Foreign Tax Credit – Act, Rules, Treaties, and Judicial Precedents – Road to Confusion Ahead
Today, if one were to discuss the various provisions of the Income-tax, 1961 one area which would elicit different responses would be the mechanism for computation of Foreign Tax Credit.
Central Board of Direct Tax (‘CBDT’) set up a Committee to suggest the methodology for grant of Foreign Tax Credit (FTC) after examining the various issues related to it. CBDT by Income Tax (18th Amendment) Rules 2016 inserted Rule 128 to Income Tax Rules, 1962 (‘the Rules’) providing the rules for grant of Foreign Tax Credit based on the report of the Committee.
Let’s analyze the Rules laid out by CBDT, certain recent judicial precedents and provisions of tax treaties entered in to by India on eligibility and mechanism for the claim of FTC.
As per the Rules
Taxpayer being a resident shall be allowed a credit for the amount, by way of deduction or otherwise of any foreign tax paid by him in a country or specified territory outside India.
FTC shall be available to the taxpayer in the year in which the income corresponding to such foreign tax has been offered/assessed to tax in India. FTC shall also be available
Where the income corresponding to foreign tax is offered to tax in more than one year, FTC shall be available across those years, in proportion to the income offered/assessed to tax in India.
Recent Judicial Precedent
The Hon’ble Karnataka High Court in the case of Wipro Limited v. DCIT allowed the claim of FTC of the taxpayer of credit of taxes on incomes were exempt from levy of tax under the Income-tax Act, 1961 (‘the Act’) by virtue of provisions of section 10A of the Act. The Hon’ble Court in coming to its conclusion relied upon the provisions of section 90(1)(a) of the Act, the provisions of the tax treaties and concluded as under:
Provisions of the Act
Relevant Treaty Provisions for Elimination of Double Taxation
The conclusion of the Hon’ble Court
90(1)(a)(i) of the Act dealing with incomes on which tax has been paid under the Act and under the corresponding Act in other country or specified jurisdiction
Article 23(3)(a) of India Canada Double Taxation Avoidance Agreement
Relief for taxes paid in Canada would be available in India only in the case where tax is payable on such income in India.
Further, the tax credit would be restricted to the extent of the proportion of Indian tax payable on such income
Section 90(1)(a)(ii) dealing with incomes which are chargeable to tax under the Act and under the corresponding law in the other country or specified territory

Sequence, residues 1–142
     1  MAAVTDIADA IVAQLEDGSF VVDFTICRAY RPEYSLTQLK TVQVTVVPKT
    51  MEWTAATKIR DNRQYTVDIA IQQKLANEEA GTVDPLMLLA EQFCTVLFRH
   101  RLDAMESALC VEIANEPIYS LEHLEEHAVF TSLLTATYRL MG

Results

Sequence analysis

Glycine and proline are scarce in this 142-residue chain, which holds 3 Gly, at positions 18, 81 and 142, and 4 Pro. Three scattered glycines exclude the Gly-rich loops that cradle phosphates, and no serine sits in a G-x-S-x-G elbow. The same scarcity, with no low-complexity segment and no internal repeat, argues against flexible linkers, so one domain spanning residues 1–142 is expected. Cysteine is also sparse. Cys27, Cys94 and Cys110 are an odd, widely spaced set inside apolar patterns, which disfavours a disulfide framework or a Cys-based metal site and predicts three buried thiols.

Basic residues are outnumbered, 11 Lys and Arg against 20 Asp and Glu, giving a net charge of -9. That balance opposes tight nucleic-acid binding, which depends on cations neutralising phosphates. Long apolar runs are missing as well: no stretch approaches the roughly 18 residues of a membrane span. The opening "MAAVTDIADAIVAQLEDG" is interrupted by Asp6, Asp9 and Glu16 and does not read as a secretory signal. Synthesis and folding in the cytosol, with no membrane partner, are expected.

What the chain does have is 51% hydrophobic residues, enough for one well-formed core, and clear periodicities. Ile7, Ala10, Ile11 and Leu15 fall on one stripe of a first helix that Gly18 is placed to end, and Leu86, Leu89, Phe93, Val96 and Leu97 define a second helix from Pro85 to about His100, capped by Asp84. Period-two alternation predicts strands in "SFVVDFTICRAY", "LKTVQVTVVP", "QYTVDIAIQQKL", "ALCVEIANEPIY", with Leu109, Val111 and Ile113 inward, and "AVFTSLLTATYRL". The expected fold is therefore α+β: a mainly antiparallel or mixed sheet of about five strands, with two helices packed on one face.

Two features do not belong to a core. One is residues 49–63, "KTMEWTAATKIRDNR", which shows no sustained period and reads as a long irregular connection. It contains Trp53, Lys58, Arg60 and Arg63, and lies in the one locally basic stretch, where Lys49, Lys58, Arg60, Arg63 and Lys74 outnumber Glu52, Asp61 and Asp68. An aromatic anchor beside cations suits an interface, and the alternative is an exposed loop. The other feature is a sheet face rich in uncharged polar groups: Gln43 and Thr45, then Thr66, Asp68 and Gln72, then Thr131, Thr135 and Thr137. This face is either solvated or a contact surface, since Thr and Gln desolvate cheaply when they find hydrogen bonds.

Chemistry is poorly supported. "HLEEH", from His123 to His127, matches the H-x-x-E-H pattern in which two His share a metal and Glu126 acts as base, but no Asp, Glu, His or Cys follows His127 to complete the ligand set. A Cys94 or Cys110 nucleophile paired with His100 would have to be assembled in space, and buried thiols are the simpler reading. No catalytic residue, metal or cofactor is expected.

Article 25(2) of the India United States of America Double Taxation Avoidance Agreement
FTC would be available in India if such income has been taxed in the USA.
The tax liability of such income under the Act in the hands of the taxpayer on such income is irrelevant.
The tax credit in such a case is restricted to the tax liability on such income in India.
The Rules though state that FTC would be available only if incomes from a foreign country are offered to tax in India, accordingly it would appear that any incomes which are exempt from levy of tax in India, may not be eligible for the credit of taxes paid in the overseas country.
B. Mechanism of computing FTC
Under normal provisions of the Act
Rules provide that credit of FTC shall be the aggregate of the amounts of credit computed separately for each source of income arising from a particular country. Further, the credit allowable shall be the lower of the
tax payable under the Act on such income and
Foreign tax paid on such income.
Though the above Rule appears simple to implement, considering that under the regular provisions of the Act incomes are taxed at various rates and not a single rate of tax, there could be 2 methods of computing the FTC:
FTC should be computed by apportioning the entire tax liability in the ratio of doubly taxed income to the total income
FTC should be computed by apportioning the tax liability on a particular source of income in the ratio of doubly taxed income to the total income from such source
Under Minimum Alternate Tax (‘MAT’) or Alternate Minimum Tax (‘AMT’) provisions
In case where tax is payable under MAT or ‘AMT’, the rules provide that the same is to be computed in similar manner as done in case of normal provisions of the Act.
The issue of multiple rates of tax though would not arise in the case where tax is levied under MAT/AMT.
However, a key issue to address while computing credit under MAT/AMT provisions would be the methodology to be adopted in computing the doubly taxed income whether the same would mean the gross receipts or only the net taxable book profits from such source.
Recent judicial precedent
Recently, the Ahmadabad Bench of the Income-tax Appellate Tribunal (‘ITAT’) in the case of Elitecore Technologies Private Limited Vs. DCIT(ITA No. 623/Ahd/2015) while dealing with the claim of FTC in the case where the taxpayer was liable to tax under MAT provisions, has held that Net Income approach rather than gross income to be taken into account for the purpose of computing FTC.
The Honourable ITAT placed reliance on the UN Model Commentary and held that the gross receipts less any allowable deductions (specific or proportional) that are connected with such income are to be considered to ascertain the doubly taxed income.
MAT/AMT Credit to be carried forward